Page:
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Hector BERLIOZ (1803 – 1869)
Grande Messe de Morts, Op. 5 (1837)
Arrigo BOITO (1842 - 1918)

Prologue to Mefistofele (1868)
Giuseppe VERDI (1813 - 1901)

Te Deum (1898)
John Aler, tenor (Berlioz) and John Cheek, bass (Boito)
Atlanta Symphony Orchestra and Chorus/Robert Shaw.
Rec. Atlanta Symphony Hall, November 10-12 1984 (Berlioz); April 28, 29 1979 (Boito and Verdi) DDD
TELARC CD-80109 [76.01 + 75.36]

Telarc, like most other companies these days are in the process of re-releasing CDs made in earlier times at mid or budget price to obtain a new lease of life for their products in the catalogue. The logic is "New is Best", so re-releases are seen as new, and the hope is that this will attract a whole new set of buyers. In the case of Telarc, they do not even reissue with a different catalogue number, sleeve-notes, or even issue dates, simply send it round again at a lower price and see what happens.

Telarc is well known for superbly recorded performances, and rarely, if ever, have I seen a negative review of one of their products in this respect. And so it is here with a recording that cannot be faulted. If we add to this, an orchestra and chorus from a well respected venue under a conductor who is responsible for some of the most superb choral recordings available, Telarc should be on to a winner. And so they are, up to a point. The main work, the Grande Messe de Morts of Berlioz has rarely had a recording which so effortlessly handles the composer’s huge forces without strain. The chorus, superbly rehearsed gives a wonderful rendition of the score and the soloist, in John Aler, is as good as they come.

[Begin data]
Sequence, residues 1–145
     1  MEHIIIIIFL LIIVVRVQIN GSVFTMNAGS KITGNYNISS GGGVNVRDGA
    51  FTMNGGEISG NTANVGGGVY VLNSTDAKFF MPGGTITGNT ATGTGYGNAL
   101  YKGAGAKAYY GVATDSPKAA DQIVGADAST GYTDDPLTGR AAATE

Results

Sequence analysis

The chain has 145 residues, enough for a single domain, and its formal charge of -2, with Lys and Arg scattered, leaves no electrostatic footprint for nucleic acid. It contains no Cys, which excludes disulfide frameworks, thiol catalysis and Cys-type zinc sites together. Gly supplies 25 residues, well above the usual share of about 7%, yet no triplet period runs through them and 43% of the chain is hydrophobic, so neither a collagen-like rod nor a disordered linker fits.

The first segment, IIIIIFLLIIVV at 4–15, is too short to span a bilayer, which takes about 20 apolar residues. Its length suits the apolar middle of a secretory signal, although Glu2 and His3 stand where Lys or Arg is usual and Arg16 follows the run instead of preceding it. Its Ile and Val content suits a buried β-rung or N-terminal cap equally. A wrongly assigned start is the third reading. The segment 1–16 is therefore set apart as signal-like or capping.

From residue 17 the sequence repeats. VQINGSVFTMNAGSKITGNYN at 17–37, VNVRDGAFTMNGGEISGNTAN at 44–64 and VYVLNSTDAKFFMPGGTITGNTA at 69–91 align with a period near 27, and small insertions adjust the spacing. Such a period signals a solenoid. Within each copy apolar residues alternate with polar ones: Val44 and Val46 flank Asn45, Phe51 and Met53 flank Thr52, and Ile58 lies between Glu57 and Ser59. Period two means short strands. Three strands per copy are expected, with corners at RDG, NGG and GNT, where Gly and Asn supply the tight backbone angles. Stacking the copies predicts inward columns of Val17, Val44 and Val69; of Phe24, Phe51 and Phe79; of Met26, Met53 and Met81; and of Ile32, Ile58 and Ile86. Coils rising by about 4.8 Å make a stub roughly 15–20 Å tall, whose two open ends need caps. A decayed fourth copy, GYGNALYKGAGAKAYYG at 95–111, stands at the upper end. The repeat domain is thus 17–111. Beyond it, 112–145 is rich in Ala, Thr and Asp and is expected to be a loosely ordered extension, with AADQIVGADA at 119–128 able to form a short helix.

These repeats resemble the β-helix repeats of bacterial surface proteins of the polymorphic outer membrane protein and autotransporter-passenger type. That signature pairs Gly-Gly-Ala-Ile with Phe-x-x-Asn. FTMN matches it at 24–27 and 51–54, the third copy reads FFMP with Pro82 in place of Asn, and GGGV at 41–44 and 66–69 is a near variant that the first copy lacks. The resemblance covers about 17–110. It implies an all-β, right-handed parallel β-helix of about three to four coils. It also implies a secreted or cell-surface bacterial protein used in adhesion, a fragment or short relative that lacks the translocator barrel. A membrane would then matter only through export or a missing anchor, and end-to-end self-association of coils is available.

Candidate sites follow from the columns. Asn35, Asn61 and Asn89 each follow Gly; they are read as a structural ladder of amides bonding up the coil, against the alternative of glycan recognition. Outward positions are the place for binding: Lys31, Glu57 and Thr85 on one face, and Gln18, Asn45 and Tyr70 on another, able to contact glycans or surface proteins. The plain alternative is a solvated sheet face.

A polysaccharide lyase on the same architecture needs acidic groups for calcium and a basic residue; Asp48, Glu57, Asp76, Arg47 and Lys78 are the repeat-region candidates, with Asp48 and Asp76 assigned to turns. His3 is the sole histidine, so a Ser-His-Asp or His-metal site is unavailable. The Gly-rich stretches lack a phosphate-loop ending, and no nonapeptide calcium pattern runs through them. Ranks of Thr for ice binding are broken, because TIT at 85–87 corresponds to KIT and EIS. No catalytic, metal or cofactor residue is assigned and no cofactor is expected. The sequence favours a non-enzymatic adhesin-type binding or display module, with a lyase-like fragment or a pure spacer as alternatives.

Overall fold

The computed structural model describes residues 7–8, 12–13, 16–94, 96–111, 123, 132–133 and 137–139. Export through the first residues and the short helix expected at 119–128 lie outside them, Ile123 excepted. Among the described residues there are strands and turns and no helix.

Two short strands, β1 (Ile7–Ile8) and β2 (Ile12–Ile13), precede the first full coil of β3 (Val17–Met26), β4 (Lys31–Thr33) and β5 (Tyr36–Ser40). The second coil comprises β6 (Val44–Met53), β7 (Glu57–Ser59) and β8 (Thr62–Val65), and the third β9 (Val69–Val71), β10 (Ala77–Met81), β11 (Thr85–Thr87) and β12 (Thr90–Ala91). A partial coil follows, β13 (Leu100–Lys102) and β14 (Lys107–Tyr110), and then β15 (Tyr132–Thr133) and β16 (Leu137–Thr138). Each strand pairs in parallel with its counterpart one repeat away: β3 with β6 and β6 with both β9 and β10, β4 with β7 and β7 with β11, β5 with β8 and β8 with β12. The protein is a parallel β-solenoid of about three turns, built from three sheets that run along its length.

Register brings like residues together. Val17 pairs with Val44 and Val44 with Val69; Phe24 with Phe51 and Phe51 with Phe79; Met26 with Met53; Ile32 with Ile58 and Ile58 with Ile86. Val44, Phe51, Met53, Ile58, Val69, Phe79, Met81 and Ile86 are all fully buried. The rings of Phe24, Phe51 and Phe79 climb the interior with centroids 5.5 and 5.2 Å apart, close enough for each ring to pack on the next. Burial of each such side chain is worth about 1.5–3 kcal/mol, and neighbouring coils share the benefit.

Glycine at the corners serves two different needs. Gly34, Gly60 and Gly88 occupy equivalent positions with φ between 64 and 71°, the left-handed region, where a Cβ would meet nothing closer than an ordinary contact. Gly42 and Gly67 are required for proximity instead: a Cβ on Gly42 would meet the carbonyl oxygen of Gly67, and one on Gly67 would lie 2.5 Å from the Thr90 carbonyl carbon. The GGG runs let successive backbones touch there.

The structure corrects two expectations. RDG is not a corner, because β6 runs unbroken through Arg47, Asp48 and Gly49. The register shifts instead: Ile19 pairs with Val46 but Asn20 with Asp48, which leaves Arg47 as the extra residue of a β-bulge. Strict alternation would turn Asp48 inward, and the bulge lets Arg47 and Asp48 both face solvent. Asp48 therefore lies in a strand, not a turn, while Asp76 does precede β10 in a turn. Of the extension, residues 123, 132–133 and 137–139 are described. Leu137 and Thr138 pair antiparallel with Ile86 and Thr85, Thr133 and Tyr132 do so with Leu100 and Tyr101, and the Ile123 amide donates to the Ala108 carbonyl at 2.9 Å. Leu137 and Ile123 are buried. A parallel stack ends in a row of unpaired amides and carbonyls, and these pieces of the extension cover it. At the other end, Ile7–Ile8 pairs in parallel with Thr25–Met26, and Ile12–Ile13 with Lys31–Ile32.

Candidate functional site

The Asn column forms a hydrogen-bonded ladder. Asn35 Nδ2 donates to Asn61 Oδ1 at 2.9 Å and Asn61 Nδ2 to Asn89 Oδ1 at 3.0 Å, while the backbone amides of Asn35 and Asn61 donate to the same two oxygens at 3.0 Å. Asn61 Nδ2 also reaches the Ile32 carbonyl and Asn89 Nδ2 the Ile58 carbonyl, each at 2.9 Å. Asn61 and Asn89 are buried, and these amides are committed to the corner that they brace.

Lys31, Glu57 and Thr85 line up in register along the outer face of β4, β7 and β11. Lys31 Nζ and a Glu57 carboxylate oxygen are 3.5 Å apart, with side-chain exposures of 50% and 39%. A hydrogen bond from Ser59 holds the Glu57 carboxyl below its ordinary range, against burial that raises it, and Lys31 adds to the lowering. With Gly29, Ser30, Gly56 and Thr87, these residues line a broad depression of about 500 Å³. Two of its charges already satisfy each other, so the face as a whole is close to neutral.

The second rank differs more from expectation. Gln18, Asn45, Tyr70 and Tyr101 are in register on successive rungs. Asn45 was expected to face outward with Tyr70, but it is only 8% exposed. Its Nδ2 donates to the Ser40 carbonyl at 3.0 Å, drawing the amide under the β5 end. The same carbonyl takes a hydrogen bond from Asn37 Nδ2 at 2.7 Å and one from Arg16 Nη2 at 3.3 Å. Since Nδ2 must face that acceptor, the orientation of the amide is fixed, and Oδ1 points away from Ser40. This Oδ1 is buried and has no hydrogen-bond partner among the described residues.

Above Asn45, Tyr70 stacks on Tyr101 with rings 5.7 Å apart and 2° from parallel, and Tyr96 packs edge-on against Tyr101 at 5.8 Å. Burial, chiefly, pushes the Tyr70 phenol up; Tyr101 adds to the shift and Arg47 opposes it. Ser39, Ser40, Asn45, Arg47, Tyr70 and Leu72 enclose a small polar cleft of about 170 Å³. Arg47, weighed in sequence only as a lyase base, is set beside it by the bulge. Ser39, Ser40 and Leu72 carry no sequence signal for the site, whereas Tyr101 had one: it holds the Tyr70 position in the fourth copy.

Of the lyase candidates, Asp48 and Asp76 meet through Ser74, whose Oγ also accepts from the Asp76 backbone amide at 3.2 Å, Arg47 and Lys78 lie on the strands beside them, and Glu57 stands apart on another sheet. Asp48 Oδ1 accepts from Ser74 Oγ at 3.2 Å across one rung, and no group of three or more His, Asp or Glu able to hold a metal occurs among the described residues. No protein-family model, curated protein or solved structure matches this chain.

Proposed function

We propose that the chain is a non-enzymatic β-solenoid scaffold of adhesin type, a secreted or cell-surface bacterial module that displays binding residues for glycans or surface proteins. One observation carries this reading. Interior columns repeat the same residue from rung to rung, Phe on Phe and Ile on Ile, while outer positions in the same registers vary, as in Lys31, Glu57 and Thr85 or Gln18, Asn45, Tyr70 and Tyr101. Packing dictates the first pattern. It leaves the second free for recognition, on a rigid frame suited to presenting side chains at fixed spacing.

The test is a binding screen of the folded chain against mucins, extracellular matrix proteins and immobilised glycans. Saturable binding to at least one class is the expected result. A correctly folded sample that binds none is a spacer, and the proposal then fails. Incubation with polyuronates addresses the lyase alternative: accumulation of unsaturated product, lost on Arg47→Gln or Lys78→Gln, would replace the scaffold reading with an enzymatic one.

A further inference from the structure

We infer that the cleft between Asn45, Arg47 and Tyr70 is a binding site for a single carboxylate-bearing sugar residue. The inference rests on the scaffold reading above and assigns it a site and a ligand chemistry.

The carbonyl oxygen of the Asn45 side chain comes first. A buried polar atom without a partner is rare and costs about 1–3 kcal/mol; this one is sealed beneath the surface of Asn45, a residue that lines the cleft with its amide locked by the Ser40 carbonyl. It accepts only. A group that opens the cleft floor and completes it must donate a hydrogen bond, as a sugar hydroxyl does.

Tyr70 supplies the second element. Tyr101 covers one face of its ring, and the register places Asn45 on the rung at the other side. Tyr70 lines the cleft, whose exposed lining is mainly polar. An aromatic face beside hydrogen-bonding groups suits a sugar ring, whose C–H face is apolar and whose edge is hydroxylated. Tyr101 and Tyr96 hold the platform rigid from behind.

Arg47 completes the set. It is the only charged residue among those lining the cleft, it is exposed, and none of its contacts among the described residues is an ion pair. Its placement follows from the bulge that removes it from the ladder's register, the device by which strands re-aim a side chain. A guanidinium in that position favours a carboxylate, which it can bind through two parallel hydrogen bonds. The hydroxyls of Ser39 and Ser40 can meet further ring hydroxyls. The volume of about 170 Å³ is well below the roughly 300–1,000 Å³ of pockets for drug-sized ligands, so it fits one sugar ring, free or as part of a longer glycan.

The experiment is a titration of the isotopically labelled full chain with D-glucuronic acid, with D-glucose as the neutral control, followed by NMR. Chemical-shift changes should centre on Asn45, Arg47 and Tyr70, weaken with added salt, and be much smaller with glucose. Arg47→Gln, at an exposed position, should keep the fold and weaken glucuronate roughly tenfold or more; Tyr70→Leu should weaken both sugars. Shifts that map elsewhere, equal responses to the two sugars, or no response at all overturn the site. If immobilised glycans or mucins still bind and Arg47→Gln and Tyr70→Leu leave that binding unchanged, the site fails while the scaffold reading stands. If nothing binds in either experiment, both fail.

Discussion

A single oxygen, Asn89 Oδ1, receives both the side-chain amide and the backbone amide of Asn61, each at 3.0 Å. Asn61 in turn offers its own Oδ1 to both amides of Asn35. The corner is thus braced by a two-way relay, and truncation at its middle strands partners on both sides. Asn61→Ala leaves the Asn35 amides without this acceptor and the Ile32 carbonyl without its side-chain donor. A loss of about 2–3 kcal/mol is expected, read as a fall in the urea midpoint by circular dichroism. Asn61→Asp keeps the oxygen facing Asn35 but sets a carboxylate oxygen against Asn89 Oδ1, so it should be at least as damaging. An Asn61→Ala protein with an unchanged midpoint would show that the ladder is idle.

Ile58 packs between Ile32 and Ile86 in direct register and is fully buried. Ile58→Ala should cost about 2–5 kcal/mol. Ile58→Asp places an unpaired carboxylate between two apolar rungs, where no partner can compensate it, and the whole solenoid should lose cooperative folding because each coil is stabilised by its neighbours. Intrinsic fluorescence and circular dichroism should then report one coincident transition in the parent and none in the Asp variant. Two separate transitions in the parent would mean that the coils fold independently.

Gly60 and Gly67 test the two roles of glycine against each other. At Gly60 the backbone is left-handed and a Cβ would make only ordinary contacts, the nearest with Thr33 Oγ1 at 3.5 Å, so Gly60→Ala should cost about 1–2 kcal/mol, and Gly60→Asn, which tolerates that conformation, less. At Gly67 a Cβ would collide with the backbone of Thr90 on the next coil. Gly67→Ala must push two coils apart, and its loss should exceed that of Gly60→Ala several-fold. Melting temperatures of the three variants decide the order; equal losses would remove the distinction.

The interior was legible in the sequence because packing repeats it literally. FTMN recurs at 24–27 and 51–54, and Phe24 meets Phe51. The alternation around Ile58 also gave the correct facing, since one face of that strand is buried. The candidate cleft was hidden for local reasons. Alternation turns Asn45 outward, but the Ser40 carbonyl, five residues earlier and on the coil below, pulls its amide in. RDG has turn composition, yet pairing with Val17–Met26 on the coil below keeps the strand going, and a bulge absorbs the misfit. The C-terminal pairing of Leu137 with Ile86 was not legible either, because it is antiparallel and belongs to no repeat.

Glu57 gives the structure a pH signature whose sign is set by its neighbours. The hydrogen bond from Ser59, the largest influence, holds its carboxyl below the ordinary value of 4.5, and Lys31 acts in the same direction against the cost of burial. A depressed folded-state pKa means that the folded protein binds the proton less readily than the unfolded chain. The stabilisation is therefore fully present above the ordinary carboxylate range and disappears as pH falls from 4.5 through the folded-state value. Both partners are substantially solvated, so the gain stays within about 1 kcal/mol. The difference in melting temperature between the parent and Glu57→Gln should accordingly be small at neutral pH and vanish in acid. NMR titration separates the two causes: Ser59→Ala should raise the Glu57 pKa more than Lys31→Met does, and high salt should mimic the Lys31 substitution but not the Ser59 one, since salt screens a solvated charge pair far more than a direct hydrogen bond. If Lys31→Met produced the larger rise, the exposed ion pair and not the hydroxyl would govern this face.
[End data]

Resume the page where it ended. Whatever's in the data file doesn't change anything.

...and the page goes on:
Why then does it seem that I am not overjoyed with this performance. Well, it is not that it is bad, it is just that there are better alternatives available. Unless you are a hi-fi freak, I would suggest that you will get a far better representation of what Berlioz’s work is all about from Colin Davis’s Philips recording. There, you will get relatively poor balancing of the choir, with the ability to hear individual voices coming through which somewhat spoils the effect, but the plus side is a thrilling emotional response which the current issue only hints at. Better still, if recording quality is less important than the music is the RCA recording (the first in stereo of the Requiem) by Charles Munch and his Boston colleagues (much better than the DG remake). These two performances distil the essence of what Berlioz’s Requiem is all about, and music lovers interested in experiencing this Mass should make a point of hearing either of these, if not both.

The fill-ups do not substantially alter the equation, although these are also performed more than adequately in superb, modern digital sound.

John Phillips

See also review by Tony Haywood

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